As someone who has mooted before law school and throughout it, I gained a better understanding of the work that needs to go into a moot in terms of preparation. One of the biggest changes in my mooting has to be my understanding of the facts and how to apply the facts to the law. Participating in a moot in law school is an invaluable experience. Not only does it challenge your perspective on cases that you once thought you had no opinion on, it forces you to really understand, and appreciate, the facts and the nuances of each case. Preparing for a moot with your partner can change your perspective on the case and yourself. I could not recommend a moot experience enough. If you want a career in criminal law, labour law, or personal injury, you spend a lot of time in an adversarial-type system. The experience and confidence in yourself that you gain from this experience can form the foundation of your future litigation career. I look forward to future moots, and look forward to helping the future litigators of Lincoln Alexander.



The day before my first day of law school, I almost died. I was playing a game of soccer with a few friends as a way to unwind and enjoy my last days of freedom before beginning my long and challenging journey as an incoming 1L student at Lincoln Alexander School of Law. The soccer game was intense. We played inside a hot, enclosed dome with no air conditioning, no windows, and no circulation. Just sitting on the sidelines I almost died of heat exhaustion! The temperature was almost unbearable. It must have been at least 40 degrees in the dome that day. I almost didn’t make it to my first day of school because of that game. However, little did I know, I was about to experience very similar feelings entering law school. This is a short account describing my experience as a 1L student at Canada’s newest law school, Lincoln Alexander School of Law.

The law school experience is unlike any other life experience. Training for a job, completing graduate studies, or even performing on stage in front of a sold-out crowd do not compare to the level of preparedness and intensity required by law school. I am only six weeks in but the exhaustion is unreal. There were many times these past few weeks when I thought I might not make it. In fact, this underlying feeling sticks with me most days. Classes just resumed from our first reading week, and I am already asking myself “How will I survive?”. With three assignments due, a tutorial presentation, and a ton of cases to read and brief, I already feel behind. I can’t help but wonder how anyone could successfully survive law school. I am literally dying to know. For now, my survival depends on several cups of coffee and high sugary snacks. This is my game plan to get me to exams.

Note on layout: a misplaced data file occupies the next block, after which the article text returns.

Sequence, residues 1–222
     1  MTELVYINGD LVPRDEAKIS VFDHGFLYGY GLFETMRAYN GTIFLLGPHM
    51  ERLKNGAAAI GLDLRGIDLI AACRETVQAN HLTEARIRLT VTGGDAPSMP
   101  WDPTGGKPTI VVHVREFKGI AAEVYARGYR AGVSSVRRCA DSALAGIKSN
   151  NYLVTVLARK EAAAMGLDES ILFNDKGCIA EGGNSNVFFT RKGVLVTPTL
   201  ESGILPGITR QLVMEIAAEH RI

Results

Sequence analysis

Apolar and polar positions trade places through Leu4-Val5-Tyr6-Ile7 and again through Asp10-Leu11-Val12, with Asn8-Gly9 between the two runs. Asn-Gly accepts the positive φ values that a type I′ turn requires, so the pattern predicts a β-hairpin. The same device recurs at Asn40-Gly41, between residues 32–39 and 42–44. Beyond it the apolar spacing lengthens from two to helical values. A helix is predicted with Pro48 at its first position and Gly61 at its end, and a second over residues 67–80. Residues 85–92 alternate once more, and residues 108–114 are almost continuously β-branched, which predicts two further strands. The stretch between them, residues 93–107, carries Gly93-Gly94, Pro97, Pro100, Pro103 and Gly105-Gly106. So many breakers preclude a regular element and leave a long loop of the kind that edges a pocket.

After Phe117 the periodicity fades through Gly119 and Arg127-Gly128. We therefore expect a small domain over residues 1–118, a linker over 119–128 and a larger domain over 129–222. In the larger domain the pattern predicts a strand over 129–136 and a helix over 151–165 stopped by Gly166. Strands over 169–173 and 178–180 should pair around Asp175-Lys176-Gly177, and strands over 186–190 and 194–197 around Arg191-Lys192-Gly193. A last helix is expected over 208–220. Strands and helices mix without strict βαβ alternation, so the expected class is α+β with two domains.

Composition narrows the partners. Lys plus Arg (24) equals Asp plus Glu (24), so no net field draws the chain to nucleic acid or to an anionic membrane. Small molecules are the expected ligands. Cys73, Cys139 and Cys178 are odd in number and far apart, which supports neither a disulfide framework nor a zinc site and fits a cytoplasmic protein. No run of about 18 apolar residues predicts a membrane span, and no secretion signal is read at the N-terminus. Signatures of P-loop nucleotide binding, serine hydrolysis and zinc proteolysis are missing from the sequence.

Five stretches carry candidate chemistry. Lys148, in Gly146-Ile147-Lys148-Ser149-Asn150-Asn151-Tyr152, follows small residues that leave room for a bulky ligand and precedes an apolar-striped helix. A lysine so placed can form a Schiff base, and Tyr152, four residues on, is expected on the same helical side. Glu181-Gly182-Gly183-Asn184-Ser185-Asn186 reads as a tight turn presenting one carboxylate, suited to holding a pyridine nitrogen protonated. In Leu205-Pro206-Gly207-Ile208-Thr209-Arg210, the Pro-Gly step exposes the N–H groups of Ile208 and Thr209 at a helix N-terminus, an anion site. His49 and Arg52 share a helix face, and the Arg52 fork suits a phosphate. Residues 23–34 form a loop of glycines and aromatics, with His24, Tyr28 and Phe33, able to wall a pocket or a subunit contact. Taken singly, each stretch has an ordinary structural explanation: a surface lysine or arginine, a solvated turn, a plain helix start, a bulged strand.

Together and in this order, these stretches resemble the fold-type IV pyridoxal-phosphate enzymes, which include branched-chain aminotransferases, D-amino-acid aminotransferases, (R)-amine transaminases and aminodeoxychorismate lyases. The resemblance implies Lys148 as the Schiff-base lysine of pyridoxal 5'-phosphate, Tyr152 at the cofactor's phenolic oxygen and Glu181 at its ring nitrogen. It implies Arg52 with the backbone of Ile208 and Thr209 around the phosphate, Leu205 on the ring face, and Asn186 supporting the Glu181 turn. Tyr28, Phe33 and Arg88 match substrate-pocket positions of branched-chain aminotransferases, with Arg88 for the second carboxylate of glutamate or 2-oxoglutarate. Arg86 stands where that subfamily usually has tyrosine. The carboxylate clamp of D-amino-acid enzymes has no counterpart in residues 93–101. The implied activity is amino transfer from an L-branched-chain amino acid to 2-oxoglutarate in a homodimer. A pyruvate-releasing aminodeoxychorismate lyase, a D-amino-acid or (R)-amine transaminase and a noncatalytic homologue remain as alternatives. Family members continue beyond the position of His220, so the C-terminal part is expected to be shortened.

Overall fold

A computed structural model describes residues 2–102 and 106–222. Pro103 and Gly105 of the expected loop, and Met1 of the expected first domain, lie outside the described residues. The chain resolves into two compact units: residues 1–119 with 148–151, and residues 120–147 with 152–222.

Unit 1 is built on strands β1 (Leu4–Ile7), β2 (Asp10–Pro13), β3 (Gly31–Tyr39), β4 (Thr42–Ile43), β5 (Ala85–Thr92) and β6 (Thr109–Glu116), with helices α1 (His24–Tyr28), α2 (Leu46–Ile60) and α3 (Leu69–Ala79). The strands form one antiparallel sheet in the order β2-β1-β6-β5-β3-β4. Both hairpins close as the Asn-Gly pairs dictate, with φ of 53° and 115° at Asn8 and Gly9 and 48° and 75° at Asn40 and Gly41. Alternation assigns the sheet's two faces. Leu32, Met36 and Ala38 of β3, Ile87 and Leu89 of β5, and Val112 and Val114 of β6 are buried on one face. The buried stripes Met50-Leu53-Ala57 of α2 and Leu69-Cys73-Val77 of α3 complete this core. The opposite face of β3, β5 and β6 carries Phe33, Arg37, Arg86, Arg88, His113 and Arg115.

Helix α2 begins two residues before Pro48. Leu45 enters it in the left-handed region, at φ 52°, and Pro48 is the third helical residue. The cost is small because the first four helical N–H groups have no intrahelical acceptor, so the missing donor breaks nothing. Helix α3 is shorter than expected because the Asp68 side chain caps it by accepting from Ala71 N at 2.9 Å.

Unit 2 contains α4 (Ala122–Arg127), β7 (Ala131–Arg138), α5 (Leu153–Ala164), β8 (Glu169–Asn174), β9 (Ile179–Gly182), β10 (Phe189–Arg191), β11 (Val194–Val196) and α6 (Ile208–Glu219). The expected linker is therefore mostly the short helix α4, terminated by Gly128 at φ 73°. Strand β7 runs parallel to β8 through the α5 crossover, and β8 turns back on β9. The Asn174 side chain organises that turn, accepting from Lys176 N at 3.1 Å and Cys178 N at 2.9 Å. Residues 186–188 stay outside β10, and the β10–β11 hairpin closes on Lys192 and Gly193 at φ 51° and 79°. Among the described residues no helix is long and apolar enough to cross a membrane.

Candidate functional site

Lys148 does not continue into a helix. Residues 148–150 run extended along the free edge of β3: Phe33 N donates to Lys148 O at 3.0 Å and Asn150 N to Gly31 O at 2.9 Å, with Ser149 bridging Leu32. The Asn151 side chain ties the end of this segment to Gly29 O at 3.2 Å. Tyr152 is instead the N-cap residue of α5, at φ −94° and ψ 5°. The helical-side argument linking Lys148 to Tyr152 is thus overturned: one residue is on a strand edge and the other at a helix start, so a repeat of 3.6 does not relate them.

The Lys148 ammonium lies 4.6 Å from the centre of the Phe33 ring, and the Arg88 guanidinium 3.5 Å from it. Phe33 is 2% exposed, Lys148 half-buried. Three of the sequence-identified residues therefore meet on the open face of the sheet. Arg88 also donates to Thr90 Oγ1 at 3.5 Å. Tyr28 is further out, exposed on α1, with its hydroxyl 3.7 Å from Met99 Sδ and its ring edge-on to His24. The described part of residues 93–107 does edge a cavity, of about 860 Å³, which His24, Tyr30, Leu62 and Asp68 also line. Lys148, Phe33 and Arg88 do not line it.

So far, I am still convinced there is nothing that could prepare one for law school. Nothing. If anyone tells you differently, they are just trying to be nice without discouraging you from your dream of becoming a powerful lawyer. Trust me–I know– I did my research. I asked several experienced people what to expect and how to best prepare before Day 1. I met with experienced lawyers, new lawyers, current law students, and students who had just recently written the bar. They all said a variation of the same things. In no particular order, here are some of their words of wisdom: prepare for a TON of work ahead, quit your day job, say bye-bye to free time, invest in a good book stand, a fluffy pillow, and a really, really good coffee machine. And now that I am approximately six weeks into my law school experience, I can attest to the importance of this advice.

As I begin the second quarter of my 1L experience, there are a few other tips and tricks I picked up along the way that have also kept me going (just barely) up until now. Here are a few of my own suggestions that I would add to that list. First, buy your books early and get comfortable with the tiny-sized font. In fact, you may want to invest in a pair of reading glasses early on. Do not try to multitask during lectures. Everything your professors say in class is important and will probably show up on an assignment or an exam. Find a good group of friends or study partners on whom you can rely and ask questions when you absolutely have no idea what’s going on in class. (You will also want to have these friends close by to share a slice of cheesecake with while sobbing uncontrollably together about the amount of work there is and the B curve). Lastly, do not underestimate the power of sleep, hydration, and food. During the intensive course, there were a few times I went without life’s essentials, but I have quickly learned that one cannot be successful in law school without water, good snacks, and some decent shut-eye.